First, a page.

You sounded philosophical here. Have you had a peculiar experience in the one year to have informed this?
There was none. I communicate with my ancestors a lot. And whatever they tell me, I say it out. It is an opportunity to have ancestors who guide you on what to say and how to say and when to say it. The Olororuwo is beyond the person you see here. Do you know the number of the past Obas that had ruled here? That is telling you that life is a continuum but what we do will live after us. I am very happy that in my time, an indigene is the chairman of Boripe North Local Council Development Area (LCDA). I have attended functions everywhere and received good remarks that I have started on a promising note.
How would you describe your relationship with your chiefs with whom you administer the town?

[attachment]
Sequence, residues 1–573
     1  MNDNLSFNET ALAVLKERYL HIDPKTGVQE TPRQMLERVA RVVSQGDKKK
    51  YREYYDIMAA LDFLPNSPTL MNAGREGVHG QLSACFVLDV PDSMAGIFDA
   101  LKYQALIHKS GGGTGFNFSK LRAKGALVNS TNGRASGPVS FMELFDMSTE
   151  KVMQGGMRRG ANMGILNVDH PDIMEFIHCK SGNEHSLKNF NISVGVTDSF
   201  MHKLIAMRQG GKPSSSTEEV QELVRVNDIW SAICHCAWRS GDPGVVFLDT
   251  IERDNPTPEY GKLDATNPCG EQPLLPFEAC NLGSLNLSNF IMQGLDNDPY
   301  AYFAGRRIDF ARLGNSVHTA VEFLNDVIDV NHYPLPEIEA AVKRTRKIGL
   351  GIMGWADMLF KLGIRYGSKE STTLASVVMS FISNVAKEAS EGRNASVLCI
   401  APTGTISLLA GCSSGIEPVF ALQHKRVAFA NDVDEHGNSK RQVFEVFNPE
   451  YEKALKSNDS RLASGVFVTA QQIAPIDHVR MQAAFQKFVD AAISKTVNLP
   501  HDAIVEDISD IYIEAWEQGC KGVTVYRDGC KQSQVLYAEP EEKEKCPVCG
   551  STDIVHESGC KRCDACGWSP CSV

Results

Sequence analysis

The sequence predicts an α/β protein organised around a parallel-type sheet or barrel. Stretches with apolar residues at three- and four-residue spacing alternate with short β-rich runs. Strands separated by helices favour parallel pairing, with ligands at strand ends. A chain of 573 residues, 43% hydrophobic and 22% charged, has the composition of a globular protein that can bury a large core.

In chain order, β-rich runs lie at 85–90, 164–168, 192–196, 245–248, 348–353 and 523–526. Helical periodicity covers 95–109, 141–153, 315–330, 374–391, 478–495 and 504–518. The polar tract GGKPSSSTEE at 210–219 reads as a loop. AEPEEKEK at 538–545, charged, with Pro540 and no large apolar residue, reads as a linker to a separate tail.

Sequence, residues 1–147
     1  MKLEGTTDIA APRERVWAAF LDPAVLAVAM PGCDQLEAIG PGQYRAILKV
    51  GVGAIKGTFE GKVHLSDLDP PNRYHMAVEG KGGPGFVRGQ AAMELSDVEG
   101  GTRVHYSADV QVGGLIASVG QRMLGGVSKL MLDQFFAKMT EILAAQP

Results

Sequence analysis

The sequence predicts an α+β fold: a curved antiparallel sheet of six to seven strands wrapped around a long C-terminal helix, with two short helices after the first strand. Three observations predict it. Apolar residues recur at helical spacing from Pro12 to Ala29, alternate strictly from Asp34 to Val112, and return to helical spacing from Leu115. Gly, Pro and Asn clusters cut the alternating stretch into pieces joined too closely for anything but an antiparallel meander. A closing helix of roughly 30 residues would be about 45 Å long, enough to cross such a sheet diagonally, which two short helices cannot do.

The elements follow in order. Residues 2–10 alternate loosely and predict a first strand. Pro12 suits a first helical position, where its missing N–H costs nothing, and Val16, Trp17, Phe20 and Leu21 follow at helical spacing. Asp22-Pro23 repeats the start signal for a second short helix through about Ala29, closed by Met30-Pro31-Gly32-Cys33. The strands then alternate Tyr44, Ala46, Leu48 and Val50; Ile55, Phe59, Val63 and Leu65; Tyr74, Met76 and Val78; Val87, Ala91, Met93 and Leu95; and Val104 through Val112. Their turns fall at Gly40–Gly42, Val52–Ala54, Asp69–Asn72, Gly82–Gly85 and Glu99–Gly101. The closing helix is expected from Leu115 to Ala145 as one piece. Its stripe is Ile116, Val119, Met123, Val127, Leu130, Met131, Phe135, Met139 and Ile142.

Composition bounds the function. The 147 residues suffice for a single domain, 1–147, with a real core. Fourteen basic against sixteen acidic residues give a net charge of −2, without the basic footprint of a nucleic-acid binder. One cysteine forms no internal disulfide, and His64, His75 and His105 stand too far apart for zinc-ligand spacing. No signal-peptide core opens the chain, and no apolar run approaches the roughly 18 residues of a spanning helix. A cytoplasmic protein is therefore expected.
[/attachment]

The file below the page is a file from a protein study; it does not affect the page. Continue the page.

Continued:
We have a cordial relationship, even though there could be some occasional disagreements on issues. I consider these as normal because we cannot all sleep and face the same direction. There must be divergent views and we must know how to handle them without resulting into conflict. I run a tight schedule attending to meetings and other issues. But I am happy I am doing my best to forge ahead.
With your tight schedule that travelling and meetings involve, how do you unwind?
How I unwind would surprise you. When I realised that I live more of a restrictive life, I devised a means to relax. What I do is simple. Later in the evening I take to the streets in casual wear and trek. Medical experts have already advised that trekking is a form of exercise that keeps the body active and healthy. I have adopted this and it is working well for me.
What is the reaction of the people who see you?
Perhaps because it is new to them, they show surprise. They rush out to greet me. Some don’t easily identify me because I dress completely down, a contrast to my heavily embroidered agbada. They see it as a demonstration of humility. I go to some of them and greet them. On sighting me, they prostrate and chorus ‘Kabiyesi o.’
Don’t you think of security angle to this practice?